clock menu more-arrow no yes mobile

Filed under:

Five questions on Devin Taylor with Garnet And Black Attack

Pride Of Detroit talks with Garnet And Black Attack about South Carolina defensive end Devin Taylor, who was picked by the Lions in the fourth round of the 2013 NFL Draft.


To get to know Detroit Lions fourth-round pick Devin Taylor, a defensive end from South Carolina, I sent five questions to Gamecock Man from Garnet And Black Attack, SB Nation's Gamecocks blog. Here's a look at what he had to say about Taylor:

1. Taylor had quite a redshirt sophomore season, recording 7.5 sacks and 13 tackles for a loss. He wasn't quite able to replicate those numbers in his final two seasons at South Carolina, though. Was there something behind his drop in production?

My read on the drop in pass-rush production is that Taylor didn't really evolve as a pass rusher over the course of his career. He is an amazing athlete, but he's not a player who keeps you guessing with a wide array of rush moves, and he never became that player over the course of his career. Opposing coaches got tape on him, figured him out to some degree and did a better job containing him.

Another issue was that he drew a lot of double-teams in 2011, which is part of the reason Melvin Ingram was able to have such a breakout season that year. Jadeveon Clowney was the one who got the double teams in 2012, though.

2. Do you think Taylor was overshadowed at all at defensive end by Jadeveon Clowney?

If anything, I think Clowney's emergence as one of the premier college defenders in 2012 made it somewhat more surprising that Taylor didn't have a better season. Clowney drew the lion's share of our opponents' blocking schemes, and Taylor had more one-on-one opportunities against the lesser tackles.

3. What would you say Taylor's top attribute is as a defensive end: his awareness, speed, ability to get to the opposing quarterback or something else?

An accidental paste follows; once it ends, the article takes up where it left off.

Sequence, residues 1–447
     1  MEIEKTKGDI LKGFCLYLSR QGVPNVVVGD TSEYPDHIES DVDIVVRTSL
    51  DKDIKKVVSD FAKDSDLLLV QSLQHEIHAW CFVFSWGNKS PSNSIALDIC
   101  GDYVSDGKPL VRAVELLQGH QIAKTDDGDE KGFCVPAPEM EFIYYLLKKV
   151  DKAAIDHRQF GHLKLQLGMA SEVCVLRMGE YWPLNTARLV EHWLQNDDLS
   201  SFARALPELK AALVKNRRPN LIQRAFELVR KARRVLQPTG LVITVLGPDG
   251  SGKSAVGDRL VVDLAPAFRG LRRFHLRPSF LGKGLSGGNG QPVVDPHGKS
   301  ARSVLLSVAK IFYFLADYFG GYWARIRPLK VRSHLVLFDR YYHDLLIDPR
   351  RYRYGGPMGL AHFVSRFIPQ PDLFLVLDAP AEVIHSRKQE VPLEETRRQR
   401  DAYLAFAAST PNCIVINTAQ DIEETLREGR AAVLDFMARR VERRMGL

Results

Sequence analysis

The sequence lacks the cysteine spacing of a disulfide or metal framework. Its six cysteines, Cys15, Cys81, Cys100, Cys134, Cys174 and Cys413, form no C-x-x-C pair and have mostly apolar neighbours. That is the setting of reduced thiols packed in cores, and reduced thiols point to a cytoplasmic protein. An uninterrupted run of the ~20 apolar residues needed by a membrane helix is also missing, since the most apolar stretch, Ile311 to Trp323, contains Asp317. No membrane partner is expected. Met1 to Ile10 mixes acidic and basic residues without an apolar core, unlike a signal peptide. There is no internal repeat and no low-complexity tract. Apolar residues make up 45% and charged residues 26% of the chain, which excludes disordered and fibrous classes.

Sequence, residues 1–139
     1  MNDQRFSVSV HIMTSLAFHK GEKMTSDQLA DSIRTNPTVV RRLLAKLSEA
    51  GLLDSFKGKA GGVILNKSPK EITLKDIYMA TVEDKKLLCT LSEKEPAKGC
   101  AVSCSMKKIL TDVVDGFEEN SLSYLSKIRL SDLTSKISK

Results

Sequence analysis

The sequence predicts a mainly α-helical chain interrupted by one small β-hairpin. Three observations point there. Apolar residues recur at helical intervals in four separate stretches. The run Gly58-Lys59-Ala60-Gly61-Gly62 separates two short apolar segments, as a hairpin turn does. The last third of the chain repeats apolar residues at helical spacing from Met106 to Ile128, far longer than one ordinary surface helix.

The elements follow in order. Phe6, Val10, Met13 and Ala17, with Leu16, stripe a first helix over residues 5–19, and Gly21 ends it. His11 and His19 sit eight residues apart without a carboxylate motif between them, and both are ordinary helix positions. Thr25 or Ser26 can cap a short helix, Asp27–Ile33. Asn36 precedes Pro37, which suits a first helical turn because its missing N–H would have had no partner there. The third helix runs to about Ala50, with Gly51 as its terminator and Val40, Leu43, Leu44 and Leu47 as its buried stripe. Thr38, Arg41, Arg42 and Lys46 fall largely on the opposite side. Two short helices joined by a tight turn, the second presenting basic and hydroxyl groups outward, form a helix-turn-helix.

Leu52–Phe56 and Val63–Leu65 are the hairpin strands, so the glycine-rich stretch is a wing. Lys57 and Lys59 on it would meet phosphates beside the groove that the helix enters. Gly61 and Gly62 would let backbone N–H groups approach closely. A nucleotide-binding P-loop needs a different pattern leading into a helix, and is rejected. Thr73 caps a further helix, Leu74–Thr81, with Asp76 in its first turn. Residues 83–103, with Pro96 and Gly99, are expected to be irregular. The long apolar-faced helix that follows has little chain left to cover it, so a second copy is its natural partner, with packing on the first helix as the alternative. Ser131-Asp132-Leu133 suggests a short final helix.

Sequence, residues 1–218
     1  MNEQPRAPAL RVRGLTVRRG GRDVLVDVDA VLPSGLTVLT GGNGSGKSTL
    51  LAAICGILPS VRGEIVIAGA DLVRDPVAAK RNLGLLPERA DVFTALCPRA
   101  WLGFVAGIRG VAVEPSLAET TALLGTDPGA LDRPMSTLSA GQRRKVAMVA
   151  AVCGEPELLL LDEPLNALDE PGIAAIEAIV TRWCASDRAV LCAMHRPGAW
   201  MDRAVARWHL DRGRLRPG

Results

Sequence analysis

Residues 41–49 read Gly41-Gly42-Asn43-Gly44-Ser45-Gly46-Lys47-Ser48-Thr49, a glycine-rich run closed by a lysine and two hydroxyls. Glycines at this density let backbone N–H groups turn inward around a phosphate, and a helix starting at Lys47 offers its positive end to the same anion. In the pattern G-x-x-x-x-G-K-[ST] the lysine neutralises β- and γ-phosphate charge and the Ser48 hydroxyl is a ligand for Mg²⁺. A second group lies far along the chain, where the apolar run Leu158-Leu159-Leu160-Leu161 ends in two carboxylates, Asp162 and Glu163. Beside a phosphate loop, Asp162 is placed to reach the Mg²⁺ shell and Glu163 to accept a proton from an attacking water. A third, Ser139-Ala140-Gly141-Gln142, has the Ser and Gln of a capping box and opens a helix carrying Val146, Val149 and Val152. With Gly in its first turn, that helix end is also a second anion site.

He's great in run support for a defensive end. He shows good recognition and response when the ball comes his way. His speed and motor allow him to get into a play if it goes the other way, or back into a play if the runner gets past him. He has a very long wingspan, which is helpful not only for getting a hand up at the line of scrimmage on a passing play but also for getting a hand on and slowing down a running back even if Taylor isn't the primary tackler.

4. A big criticism of certain Lions defensive ends in the past has been their inability to stop the run. How did Taylor do against the run at South Carolina?

See above -- he was excellent. This was surely one of the reasons that the Lions drafted him.

5. Taylor seems like quite the athlete considering he's 6'7", 266 lbs. and ran a 4.72 40-yard dash at the combine. How does his athleticism and size translate to the football field?

Yeah, definitely. As I said, his speed allows him to get into plays other players might never get into. His height and wingspan make him formidable for tipping passes at the LOS. I would say that while he's definitely a strong player, he's kind of rangy and can sort of get stood up or sucked inside by the stockier, stronger offensive linemen.

NEW: Join Pride of Detroit Direct

Jeremy Reisman will drop into your inbox twice a week to provide exclusive, in-depth reporting and insights from Ford Field. Subscribe to go deeper into Lions fandom, and join us on our path to win the Super Bowl.